Hex Enduction Hour (1982) ***1/2
There are certain albums that hardcore fans drool over as the ultimato and casual fans are considerably more lukewarm towards and newbies shouldn't approach with a ten foot pole, and this is one of those albums. Though it contains two of their best-known songs, "The Classical," and "Hip Priest," this is not an accessible album. Let's review our progress so far, shall we?
Album #1 - punk
Album #2 - gothy post-punk
Album #3 - rockabilly
....and so this, Album #4 - noise rock
An oversimplification, but you get the general drift of the Fall's evolving musical directions. It's easy to see why hard as cider fans clamor over this clamor, as previous Fall studio efforts didn't approach the density of this attack - finally, an album that seems to capture in the studio the full-bodied assault of the Fall whirlwind live. Two drummers are in the lineup, and the Fall don't use that extra for fancy showing off, he's there to double up on the beat for a rhythmically denser attack, as the grand opener, "The Classical," clatters with a positively ferocious rhythmic drive that, combined with Scanlon/Riley's industrially clanging guitars used not as leads or even color but as one more arsenal in the rhythm section, slams me up the wall and throws me across the room and back again for good measure. It may very well indeed be the Fall's finest five minutes and up there with "Janie Jones," as one of the most throat-grabbing opening album cuts ever. According to legend, "The Classical," cost the Fall a deal with Motown, as thirty seconds in Mark E. shouts from behind a veiled megaphone:
This is the home of the vain!
This is the home of the vain!
Where are the obligatory niggers?
Hey there, fuckface!
Hey there, fuckface!
Hey there yourself, I'm not censoring my Fall reviews, I'm quoting the man exactly as he "sings" (ha ha) it. Political correctness aside....OK, this probably isn't a case where you can easily put political correctness aside, it's a pretty unsettling rant by any objective standard. So let's deal with it as it is and move on. The album is more or less evenly divided between relentlessly noisy rockers and sparse to the point of arid and seemingly go-nowhere ballads, the latter of which "Hip Priest," is the centerpiece of side one. It's a nearly eight-minute breather smack in the middle, and I was bored with it at first (as I was with all the slow ones on this LP), but I've grown to appreciate this slow-building mock-epic mockery of music journos. Played at the end of Silence of the Lambs in case you didn't notice (or cared). The other three raconteurs on side one are all poundingly repetitive blasts of rhythmic noise, none nearly as good as "The Classical," (but oh what song in the universe possibly could be?), and all great, and all a bit too similar to each other, and all carrying a handful of poorly played notes too repetitively for several minutes too long, and oh that glorious cascading wave of decibel intensity V-O-L-U-M-E. "Winter," and "Winter 2," are two parts of the same song, which had to be split over two separate sides in the days of vinyl, but in the post-vinyl era the split makes no sense. Anyway, I find it kind of a drag, but there's something there that suggests I might find it interesting if I play it a few more times. Hasn't worked the dozen or so times I've listened to it over the years yet, but you never know. "Just Step S'ways," is the simplest and most direct track, a catchy-as-rubella slice of non-noise rock garage psychedelia that was initially my favorite song on this album, but is now merely my second favorite. Could've should've been a Sonics cover but it's a Fall original. "Who Makes the Nazis?" about the Fall's experience running into longhorn rednecks touring the American South, and "Iceland," about the country where they recorded this album (yes, the Fall are more or less directly responsible for Bjork, as any cursory listen to the Sugarcubes can verify), are pretty boring go-nowhere slow drags. Some nice bass work on the former, though, and the latter....nah, I don't feel like listening to it again just so I can find something nice to say about it. That leaves the ten-minute closer, the horrendous "And This Day," a "Sister Ray"-level trainwreck of tribal beats and noise and repetitive chanting of the title, a track that even hardcore Fall-natics have difficulty defending.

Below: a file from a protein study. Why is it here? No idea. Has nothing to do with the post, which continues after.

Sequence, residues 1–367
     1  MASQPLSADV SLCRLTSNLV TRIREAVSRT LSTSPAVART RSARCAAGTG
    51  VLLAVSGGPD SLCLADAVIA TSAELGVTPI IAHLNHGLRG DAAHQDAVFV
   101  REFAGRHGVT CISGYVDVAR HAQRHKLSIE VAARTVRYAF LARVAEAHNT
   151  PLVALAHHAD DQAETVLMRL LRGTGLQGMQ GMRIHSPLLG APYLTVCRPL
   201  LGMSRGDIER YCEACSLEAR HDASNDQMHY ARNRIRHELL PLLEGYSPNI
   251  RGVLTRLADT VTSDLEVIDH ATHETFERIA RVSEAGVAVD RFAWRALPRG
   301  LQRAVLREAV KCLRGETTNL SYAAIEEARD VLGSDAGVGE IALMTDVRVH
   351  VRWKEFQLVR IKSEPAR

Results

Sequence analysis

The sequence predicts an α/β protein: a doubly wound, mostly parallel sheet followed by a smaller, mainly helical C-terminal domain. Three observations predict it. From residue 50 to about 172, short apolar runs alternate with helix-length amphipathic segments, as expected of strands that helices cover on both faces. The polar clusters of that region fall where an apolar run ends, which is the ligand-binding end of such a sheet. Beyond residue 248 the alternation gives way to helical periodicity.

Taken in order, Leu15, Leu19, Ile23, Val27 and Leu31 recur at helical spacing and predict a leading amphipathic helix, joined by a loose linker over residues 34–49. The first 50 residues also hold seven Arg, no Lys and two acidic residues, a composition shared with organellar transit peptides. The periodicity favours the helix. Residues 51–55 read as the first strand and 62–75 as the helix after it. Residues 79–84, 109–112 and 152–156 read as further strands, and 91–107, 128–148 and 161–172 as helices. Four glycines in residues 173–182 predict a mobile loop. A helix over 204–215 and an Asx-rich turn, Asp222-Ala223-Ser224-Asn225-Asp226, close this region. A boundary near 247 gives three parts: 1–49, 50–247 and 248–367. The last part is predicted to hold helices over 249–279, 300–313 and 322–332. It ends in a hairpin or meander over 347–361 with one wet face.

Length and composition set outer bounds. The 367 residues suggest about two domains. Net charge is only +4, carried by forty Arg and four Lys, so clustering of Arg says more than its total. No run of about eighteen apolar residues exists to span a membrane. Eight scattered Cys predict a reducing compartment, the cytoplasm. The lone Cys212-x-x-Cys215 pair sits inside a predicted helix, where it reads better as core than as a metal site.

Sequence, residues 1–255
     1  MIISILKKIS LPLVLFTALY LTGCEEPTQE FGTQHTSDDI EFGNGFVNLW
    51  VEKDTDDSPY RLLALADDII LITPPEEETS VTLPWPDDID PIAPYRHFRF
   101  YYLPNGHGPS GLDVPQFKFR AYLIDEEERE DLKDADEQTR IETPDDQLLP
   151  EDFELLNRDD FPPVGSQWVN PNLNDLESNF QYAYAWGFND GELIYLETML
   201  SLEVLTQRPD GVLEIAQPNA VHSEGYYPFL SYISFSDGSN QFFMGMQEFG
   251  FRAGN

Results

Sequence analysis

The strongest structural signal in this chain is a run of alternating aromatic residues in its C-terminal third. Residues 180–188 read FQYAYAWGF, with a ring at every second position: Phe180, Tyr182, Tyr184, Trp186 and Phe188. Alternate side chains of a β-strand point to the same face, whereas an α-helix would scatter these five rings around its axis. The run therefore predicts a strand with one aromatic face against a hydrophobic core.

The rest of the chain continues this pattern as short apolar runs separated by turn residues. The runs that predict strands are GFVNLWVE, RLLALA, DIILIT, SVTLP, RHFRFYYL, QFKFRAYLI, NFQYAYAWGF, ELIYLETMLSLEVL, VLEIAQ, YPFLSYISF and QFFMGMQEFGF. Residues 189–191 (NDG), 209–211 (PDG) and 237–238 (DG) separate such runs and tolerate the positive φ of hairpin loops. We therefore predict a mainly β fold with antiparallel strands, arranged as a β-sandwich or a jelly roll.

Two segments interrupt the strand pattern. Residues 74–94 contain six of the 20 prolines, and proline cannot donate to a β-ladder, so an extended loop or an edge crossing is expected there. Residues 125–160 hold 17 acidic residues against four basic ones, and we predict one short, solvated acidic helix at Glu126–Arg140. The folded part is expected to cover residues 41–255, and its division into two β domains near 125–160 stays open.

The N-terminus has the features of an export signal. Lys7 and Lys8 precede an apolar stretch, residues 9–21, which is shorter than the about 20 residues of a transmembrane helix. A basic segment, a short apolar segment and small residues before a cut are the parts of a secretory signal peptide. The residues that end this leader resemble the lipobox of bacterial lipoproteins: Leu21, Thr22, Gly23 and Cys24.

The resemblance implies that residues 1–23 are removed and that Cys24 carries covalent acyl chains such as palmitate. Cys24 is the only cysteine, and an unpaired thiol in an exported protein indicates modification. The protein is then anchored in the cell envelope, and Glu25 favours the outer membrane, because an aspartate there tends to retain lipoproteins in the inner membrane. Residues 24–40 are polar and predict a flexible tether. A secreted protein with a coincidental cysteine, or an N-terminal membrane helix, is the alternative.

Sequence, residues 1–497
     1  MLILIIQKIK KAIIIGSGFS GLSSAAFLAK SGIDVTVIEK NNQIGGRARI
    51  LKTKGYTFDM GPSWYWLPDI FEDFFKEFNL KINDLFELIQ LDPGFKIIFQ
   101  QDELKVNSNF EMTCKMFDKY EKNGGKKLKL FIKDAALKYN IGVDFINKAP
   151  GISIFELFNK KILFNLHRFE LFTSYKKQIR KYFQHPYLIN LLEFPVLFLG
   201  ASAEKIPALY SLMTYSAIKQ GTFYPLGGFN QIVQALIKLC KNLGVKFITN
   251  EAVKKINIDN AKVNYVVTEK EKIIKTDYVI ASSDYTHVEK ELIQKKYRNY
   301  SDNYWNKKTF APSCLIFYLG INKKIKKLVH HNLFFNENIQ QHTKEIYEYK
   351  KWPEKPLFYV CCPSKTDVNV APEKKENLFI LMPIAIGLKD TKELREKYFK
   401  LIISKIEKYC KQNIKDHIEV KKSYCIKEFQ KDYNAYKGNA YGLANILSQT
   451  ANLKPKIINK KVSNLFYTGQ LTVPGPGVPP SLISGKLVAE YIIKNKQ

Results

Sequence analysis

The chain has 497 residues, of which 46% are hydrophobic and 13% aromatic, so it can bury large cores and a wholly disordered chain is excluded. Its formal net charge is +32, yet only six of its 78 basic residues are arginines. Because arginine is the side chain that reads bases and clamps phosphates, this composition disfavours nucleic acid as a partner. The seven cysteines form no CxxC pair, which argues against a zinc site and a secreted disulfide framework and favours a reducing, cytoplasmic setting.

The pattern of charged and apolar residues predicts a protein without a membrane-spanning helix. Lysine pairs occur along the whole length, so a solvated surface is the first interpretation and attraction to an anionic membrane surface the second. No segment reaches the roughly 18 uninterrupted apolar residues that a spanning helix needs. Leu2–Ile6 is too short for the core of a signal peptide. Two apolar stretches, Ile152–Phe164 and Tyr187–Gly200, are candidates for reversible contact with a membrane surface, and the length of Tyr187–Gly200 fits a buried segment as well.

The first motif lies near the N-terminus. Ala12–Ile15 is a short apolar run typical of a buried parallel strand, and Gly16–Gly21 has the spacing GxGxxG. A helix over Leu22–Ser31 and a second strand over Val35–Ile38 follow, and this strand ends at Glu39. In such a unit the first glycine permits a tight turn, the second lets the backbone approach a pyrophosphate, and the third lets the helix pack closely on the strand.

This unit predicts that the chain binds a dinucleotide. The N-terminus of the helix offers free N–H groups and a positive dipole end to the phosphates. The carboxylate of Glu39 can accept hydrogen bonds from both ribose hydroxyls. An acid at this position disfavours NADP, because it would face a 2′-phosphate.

The bonus tracks are a small bit of a tangle, so pay attention. The initial reissue was a single disc appending the "Look, Know" b/w "I'm Into C.B." single. That's the one to get, because "Look, Know," is the only bonus track worth hearing - a plodding funk-ish vamp with tinkly piano as a cream-on-crop touch. "I'm Into C.B." is rockabilly crap. The second reissue, for some godsunknown reason, omits "Look, Know" but keeps its B-side "I'm Into C.B.," and adds an entire second disc of useless Peel sessions and live tracks. There are a couple of live versions of songs unrecorded elsewhere (for good reason), the unendurably nine-minute go-nowhere noisefest "Session Musician," and the self-descriptively entitled "Jazzed Up Punk Shit." None of these are worth your time. Either get the one that specifically has "Look, Know," on it, or just snag the original CD sans bonus tracks on the cheap.